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Ever since the concept of trade first emerged, human beings have been trying to nail down that most elusive of skills – how to influence people to share your point of view.

This is a useful skill in all sorts of fields, from politics to personal relationships. But nowhere is ‘influence’ more sought after than in business, whether you want to settle a negotiation on favourable terms or persuade more people to buy your product.

As Sir David Frost once put it: “Diplomacy is the art of letting someone else have your way.” That’s amusing and pretty accurate, but it sounds a bit sinister when applied to sales and marketing. Zig Ziglar probably nailed the concept that’s most helpful to businesses in the digital era when he said: “Stop selling. Start helping.”

When you want to develop negotiation skills, the first thing is to understand the person you’re trying to influence – as in, why they say ‘no’ to things and why they say ‘yes’. Once you have a grip on how they make their decisions and what their values are, then you can see things from their point of view, which is the first step to bringing them round to your point of view.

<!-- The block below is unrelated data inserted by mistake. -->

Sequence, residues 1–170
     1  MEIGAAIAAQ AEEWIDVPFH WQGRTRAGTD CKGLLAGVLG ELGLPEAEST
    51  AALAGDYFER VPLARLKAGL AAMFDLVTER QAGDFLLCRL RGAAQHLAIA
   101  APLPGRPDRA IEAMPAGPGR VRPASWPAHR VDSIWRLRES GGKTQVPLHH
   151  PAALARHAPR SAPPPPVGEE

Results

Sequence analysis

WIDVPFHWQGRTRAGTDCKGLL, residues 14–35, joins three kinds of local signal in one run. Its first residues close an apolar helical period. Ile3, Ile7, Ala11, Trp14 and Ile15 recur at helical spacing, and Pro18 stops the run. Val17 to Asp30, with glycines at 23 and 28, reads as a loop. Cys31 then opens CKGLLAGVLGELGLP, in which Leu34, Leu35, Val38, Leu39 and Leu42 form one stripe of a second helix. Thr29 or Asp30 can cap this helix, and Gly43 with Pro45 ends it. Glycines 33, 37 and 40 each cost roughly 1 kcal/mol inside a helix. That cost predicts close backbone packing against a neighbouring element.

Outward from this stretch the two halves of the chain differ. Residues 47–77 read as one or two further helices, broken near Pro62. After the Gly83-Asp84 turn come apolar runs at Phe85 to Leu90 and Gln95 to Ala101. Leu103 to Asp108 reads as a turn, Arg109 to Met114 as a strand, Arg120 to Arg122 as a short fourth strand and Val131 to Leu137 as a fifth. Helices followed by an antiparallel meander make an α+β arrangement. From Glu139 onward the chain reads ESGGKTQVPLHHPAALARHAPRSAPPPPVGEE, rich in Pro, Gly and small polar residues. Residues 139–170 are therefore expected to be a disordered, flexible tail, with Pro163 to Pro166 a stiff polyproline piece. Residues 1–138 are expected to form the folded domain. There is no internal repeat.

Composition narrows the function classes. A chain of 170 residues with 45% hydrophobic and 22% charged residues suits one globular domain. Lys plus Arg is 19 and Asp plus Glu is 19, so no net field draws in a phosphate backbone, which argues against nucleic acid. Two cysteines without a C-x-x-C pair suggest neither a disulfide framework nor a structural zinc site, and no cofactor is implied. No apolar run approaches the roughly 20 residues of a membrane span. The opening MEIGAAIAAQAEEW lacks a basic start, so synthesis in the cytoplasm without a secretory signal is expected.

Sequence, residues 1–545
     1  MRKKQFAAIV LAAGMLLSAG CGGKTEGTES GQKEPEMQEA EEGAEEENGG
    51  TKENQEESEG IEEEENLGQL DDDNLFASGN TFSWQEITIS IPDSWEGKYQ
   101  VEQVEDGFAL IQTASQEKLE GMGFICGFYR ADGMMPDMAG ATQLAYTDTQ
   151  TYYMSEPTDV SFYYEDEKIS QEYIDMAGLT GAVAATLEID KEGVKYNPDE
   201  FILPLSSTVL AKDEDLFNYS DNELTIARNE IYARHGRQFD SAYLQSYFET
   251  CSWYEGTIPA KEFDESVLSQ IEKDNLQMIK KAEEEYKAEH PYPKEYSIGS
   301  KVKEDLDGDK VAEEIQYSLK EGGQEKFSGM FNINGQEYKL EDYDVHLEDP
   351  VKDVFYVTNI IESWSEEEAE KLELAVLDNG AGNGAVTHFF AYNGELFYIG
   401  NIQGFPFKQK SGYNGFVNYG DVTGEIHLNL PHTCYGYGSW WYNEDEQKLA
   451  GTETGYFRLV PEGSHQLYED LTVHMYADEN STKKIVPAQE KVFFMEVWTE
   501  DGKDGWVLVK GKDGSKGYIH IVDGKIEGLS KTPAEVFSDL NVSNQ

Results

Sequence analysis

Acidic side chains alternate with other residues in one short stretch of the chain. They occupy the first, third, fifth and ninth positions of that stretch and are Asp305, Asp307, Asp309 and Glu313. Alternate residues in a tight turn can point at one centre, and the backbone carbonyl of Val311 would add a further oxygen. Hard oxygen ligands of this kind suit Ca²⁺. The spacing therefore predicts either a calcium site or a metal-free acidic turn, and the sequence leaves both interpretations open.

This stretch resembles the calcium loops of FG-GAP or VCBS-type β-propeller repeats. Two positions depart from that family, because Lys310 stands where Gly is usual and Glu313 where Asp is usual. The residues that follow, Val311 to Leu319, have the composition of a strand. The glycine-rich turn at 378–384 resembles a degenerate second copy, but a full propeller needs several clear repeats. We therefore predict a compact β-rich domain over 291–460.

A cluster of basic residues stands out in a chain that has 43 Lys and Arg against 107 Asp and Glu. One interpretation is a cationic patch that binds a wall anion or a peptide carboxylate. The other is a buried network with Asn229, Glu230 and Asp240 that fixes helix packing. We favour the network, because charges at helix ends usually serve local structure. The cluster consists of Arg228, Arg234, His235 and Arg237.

Making a compelling case and finding a way around the roadblocks of their resistance can be very tricky, which is why Zig Ziglar’s approach is still so relevant in 2019. People are used to being advertised at; they field countless attempts to influence their buying and lifestyle choices every day. So, if you’re going to persuade them to share your opinion – which is that they should buy your product or service, or sign your deal – you need to make them understand why this is an advantageous choice for them. Which is only possible once you’ve truly understood what they see as advantageous in the first place.

Originally posted on Linkedin – Nov 2019

Mark Fryer

28th November 2019